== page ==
WASHINGTON (AP) — The son of Ruth Whitfield, an 86-year-old woman killed when a gunman opened fire in a racist attack on black shoppers in BuffaloNew York challenged Congress on Tuesday to act against the “cancer of white supremacy” and the national epidemic of gun violence.
Garnell Whitfield Jr.’s moving testimony comes as lawmakers work hard to strike a bipartisan deal on gun safety measures in the wake of back-to-back mass shootings. Ten days after the shooting death of his mother and nine others in New York, another 18-year-old gunman armed with a semi-automatic rifle opened fire in Uvalde, Texas, killing 19 school children and two teachers.
“What are you doing? You were elected to protect us,” Whitfield Jr. told members of the Senate Judiciary Committee.
“Is there nothing you personally are willing to do to stop the cancer of white supremacy and the domestic terrorism it inspires?” He asked. “If there is nothing then, respectfully, senators…you should cede your positions of authority and influence to others who are prepared to lead on this issue.”
The hearing is the first of two this week as families of victims and survivors of the mass shootings in Buffalo and Uvalde appear at public hearings and events on Capitol Hill to show the human toll of gun violence on United States and urge Congress to act.
Pressing for a deal, President Joe Biden met on Tuesday with Senator Chris Murphy, a key Democratic negotiator, who has worked most of his career trying to curb the scourge of mass shootings in the country after the heartbreaking massacre of 20 children. at Sandy Hook Elementary in his home state of Connecticut ten years ago.
Murphy told reporters after the meeting that he was grateful for the opportunity to brief the president on the talks. “Obviously we still have work to do in the Senate,” he said.
Murphy said his goal was to try to get a deal done this week, but he added that Senate Majority Leader Chuck Schumer made it clear that “we need more time to put the dots together.” on the i’s and cross the t’s which will obtain it”.
Also on Tuesday, Uvalde-born actor Matthew McConaughey toured the Senate offices before heading to the White House to open the daily briefing. McConaughey, who earlier this year was considering running for governor of Texas, gave a speech about the importance of legislative action “to make the loss of these lives count.”
“We want safe and secure schools and we want gun laws that won’t make it so easy for the bad guys to get these fucking guns,” he said. The 52-year-old actor and his wife traveled to Uvalde the day after the shooting and spent time with some of the families of the victims.
On Wednesday, the House Oversight Committee is expected to hear from more victims’ families and Miah Cerrillo, a fourth-grade student, who came to American attention after she described covering herself in the blood of her dead classmate and having played dead to survive the shooting in Uvalde.
Tuesday’s Senate hearing focused directly on the white supremacist ideology that authorities say led an 18-year-old gunman dressed in military gear to drive for hours through a predominantly black neighborhood in Buffalo and to broadcast his violent outburst live. The shooting left 10 dead and several injured.
“My mother’s life mattered,” Whitfield said. “Your actions here will tell us if and how much it meant to you.”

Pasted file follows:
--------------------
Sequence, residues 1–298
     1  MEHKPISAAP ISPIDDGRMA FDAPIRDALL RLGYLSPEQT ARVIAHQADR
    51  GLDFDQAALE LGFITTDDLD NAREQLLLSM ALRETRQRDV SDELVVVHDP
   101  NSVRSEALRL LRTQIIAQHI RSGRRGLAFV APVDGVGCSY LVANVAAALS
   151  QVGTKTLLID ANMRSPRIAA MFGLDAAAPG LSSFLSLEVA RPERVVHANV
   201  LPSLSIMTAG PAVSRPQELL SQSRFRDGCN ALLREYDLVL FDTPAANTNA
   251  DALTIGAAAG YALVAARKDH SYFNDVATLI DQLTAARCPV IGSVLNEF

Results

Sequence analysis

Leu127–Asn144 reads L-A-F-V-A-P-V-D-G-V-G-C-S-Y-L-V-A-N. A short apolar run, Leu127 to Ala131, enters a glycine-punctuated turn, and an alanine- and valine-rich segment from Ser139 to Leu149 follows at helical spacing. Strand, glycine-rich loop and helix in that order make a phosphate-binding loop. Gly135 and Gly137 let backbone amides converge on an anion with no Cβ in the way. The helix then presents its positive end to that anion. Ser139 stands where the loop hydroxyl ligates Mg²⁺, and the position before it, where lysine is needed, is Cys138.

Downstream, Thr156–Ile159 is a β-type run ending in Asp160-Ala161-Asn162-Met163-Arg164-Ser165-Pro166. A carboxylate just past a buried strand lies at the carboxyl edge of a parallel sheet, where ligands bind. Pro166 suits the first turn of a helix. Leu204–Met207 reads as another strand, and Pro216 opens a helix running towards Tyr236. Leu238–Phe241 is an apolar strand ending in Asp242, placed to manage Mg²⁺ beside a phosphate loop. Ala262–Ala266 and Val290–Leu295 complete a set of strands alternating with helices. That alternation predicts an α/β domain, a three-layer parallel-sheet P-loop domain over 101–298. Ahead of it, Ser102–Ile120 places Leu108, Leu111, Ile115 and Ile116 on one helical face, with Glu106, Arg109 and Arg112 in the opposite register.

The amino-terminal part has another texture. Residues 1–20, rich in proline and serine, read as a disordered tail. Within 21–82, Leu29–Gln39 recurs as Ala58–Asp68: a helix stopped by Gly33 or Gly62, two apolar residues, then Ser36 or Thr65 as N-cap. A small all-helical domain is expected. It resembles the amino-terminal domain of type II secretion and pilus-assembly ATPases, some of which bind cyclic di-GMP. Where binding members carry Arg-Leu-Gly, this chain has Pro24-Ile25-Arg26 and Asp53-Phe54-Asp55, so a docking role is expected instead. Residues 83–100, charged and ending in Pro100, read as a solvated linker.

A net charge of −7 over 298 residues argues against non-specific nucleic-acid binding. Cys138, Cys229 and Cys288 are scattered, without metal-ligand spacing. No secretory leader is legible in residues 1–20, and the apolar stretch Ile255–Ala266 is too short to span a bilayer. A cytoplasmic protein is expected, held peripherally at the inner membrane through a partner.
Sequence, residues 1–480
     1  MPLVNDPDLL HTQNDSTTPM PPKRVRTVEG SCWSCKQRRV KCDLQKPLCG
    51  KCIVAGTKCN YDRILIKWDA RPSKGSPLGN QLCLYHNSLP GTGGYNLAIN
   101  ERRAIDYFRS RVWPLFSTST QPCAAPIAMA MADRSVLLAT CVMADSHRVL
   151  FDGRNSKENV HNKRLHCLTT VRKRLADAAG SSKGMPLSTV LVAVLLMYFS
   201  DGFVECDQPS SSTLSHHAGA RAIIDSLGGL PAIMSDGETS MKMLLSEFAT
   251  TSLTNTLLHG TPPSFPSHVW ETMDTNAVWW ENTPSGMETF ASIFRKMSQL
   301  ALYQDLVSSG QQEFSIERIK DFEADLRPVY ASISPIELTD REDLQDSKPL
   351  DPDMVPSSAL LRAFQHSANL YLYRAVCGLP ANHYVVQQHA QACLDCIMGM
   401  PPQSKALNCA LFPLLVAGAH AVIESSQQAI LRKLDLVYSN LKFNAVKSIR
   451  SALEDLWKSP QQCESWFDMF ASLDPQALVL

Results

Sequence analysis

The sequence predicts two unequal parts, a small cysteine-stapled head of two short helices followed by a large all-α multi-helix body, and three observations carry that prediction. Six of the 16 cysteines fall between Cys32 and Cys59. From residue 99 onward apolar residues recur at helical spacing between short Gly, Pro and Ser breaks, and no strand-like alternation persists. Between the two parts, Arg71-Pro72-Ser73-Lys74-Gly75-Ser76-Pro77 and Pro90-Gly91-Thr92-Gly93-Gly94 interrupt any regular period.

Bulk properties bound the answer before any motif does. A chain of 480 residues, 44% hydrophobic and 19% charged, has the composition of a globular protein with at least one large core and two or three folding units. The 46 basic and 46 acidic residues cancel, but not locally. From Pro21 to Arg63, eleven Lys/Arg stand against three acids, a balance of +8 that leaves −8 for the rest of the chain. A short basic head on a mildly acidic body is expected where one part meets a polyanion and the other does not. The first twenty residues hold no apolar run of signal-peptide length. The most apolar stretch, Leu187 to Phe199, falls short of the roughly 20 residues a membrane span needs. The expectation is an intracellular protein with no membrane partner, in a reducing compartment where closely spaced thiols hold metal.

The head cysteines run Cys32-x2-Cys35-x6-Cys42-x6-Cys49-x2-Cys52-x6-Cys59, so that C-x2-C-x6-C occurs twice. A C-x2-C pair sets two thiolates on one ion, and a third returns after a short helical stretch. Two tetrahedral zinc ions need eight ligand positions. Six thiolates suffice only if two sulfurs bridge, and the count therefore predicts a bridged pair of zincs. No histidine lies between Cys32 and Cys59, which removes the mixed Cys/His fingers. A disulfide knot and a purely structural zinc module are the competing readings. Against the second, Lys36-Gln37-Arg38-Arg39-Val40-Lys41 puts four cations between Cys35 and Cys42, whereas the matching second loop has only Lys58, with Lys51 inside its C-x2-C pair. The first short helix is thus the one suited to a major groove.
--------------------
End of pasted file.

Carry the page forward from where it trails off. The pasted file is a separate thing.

Shortly after the Buffalo Massacre, a bill that would have bolstered federal resources to prevent domestic terrorism failed in the Senate at the hands of the Republican opposition. Even in Tuesday’s hearing, Republican senators took time to focus on the displays of racial injustice that took place in the summer of 2020, citing those incidents as acts of domestic extremism.
Since the failed vote, senators have banded together and started meeting privately in a small, bipartisan group led by Murphy and Republican Sen. John Cornyn, trying to hammer out a compromise that could actually become law.
But lawmakers have been here before — unable to pass substantive gun safety laws for decades in the face of strenuous objections from Republicans in Congress, some conservative Democrats, and fierce lobbying from gun owners and of the National Rifle Association. No major legislation has been enacted since the 1994 Assault Weapons Ban, which has since expired.
The problem for Democrats is that a number of issues with bipartisan support likely wouldn’t have stopped the shooting in Buffalo or Uvalde. And those that gun safety advocates say have met with deep reluctance from Republicans. One of these proposals would raise the age required for the purchase of firearms from 18 to 21 years. Another measure popular among Democrats would have banned assault rifles altogether.
Instead, senators are focused on incremental policy changes through a system that would send funds and other incentives to states to make school campuses safer, provide more mental health services to young people and possibly encourage states to pursue red flag laws to keep guns out of the hands of people who could do harm.
But one thing lawmakers on both sides of the aisle seem to agree on is that inaction is not an option.
“We know we’re not going to do it all at once,” Schumer said Tuesday afternoon. “But the American people want us to do something and they want to see Republicans do something.”
His counterpart across the aisle seemed to echo the sentiment. “Almost everyone would like to get a result,” Senate Republican Leader Mitch McConnell told reporters. “Hopefully we get one sooner rather than later.”
Associated Press writers Kevin Freking, Alan Fram and Zeke Miller contributed to this report.